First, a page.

It is no exaggeration to say that my summers and camp experiences have had a tremendous impact on who I am. Some of my foremost rebbeim I only know from my summer camps. During a confusing time during late adolescence, when I was trying to find the right yeshivah for myself, my camp friendships were a source of great encouragement for me. But above all, being a counselor taught me a great deal about responsibility. Having to deal with the vagaries and annoyances of a dozen kids helps give a teenager perspective and appreciation for the challenges of parenthood.
My rebbe, Rabbi Berel Wein, quips that G-d pays back all children by making them parents. As children grow up, they often feel they have all the solutions for proper chinuch to not make the same mistakes their parents did with their upbringing. Then, when the children become parents, they start to understand their parents more. Being a counselor gives the future parent a head-start on that experience.
When I was a division head in camp, I would often laugh to myself when a frustrated counselor would vent to me about how his campers don’t listen to a word he says. I wonder how often his parents say the same thing about him.
Beyond parenthood, however, success in life requires taking responsibility. Great things are accomplished by those who can shoulder burdens and are able to deal with adversity. That is the hallmark of leadership, as well.
Being a counselor forces a teenager to become a leader in his own bunk with campers that look to him for guidance and to create order.
Many great leaders in our community, including notable roshei yeshivah, were legendary personalities in their respective summer camps decades ago. Some were also known for uncanny acting abilities or other talents uniquely endemic to camp.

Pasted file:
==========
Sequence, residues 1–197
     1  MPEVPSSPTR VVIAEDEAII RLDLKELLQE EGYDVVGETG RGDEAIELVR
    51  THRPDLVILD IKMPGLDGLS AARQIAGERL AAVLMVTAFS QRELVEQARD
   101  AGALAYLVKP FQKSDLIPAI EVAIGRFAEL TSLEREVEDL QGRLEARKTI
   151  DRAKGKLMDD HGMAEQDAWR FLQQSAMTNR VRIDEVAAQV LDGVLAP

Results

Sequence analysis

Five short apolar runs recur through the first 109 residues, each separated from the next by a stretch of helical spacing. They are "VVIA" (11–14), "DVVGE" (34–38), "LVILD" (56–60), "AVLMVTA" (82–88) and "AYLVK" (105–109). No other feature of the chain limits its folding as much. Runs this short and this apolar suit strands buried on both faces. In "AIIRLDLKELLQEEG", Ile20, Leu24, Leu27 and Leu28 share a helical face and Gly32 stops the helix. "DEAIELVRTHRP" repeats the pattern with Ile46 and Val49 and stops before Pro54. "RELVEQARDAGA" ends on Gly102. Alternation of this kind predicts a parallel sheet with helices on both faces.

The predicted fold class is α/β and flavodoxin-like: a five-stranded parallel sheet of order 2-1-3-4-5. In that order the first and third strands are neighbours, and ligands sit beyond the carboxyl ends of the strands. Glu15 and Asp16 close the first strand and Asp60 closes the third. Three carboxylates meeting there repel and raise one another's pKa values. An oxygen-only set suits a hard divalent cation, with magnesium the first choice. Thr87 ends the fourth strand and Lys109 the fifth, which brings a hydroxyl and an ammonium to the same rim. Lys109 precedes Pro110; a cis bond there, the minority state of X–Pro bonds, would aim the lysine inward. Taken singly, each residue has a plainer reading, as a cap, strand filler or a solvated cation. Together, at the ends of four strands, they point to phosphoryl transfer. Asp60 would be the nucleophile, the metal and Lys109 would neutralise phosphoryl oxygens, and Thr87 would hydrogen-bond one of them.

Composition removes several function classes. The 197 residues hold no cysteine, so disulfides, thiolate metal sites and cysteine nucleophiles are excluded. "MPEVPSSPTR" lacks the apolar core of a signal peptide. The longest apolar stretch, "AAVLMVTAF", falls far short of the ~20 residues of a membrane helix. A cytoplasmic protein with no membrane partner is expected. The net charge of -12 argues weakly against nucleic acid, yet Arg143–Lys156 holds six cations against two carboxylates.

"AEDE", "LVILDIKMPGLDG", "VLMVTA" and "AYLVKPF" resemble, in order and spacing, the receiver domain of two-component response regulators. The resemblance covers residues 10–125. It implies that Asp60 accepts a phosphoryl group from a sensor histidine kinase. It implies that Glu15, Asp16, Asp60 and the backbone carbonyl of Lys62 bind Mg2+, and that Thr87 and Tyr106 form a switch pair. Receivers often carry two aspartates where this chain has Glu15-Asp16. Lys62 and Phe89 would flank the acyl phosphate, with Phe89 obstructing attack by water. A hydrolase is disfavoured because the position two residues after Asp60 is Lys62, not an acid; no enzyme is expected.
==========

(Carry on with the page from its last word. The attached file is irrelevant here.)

I know that my life has been incredibly impacted and influenced by my experiences in camp as a counselor.
Every parent who sends a child to camp wants the child to have a fantastic counselor. Not only can a good counselor make a difference in how a camper’s summer goes, but he can also potentially have a significant impact on a camper for the rest of his life.
I have met individuals older than I am who related to me that my father was their counselor in “Camp Magen Av” many years ago, and that he made a lasting impression on them. One fellow told me that as a child he was inhibited and shy. When my father was his counselor, my father helped draw him out of his shell. The man, who is today a grandfather, told me that much of who he has become is thanks to that life-altering summer when he was a camper in my father’s bunk.
Not only did I have counselors who made a profound impression upon me, as a counselor myself I developed wonderful friendships with my own campers, many of whom I am still in touch with now, years later.
In recent years, however, it seems to be becoming increasingly harder for camps to find solid counselors. Many older teens are simply not interested in becoming a counselor. There is an increasing trend for bachurim to go on cross-country road trips for a few weeks during the summer break. The prevailing feeling is why should I work so hard at a 24/7 job with whiny campers, when I could “chill” during the summer with my “boyz” and enjoy my earned vacation more?
In my opinion, this is a sad and costly mistake. The young men/women themselves are losing out on an admittedly arduous, but highly enriching experience that will help them prepare for marriage and parenthood. It will also force them to be responsible and disciplined, traits that are vital for all components of life, especially growth in Torah and midos.
In addition, our youth are losing out by not having more quality counselors who are b’nei Torah and b’nei aliyah. A counselor can often impact his campers in a way that parents and rebbeim are unable to. A camper may have an easier time relating to his counselor and strive to emulate him.
There is no doubt that there are more relaxing ways that someone can spend his summer doing other than being a counselor. But no one said accomplishing great things would be easy.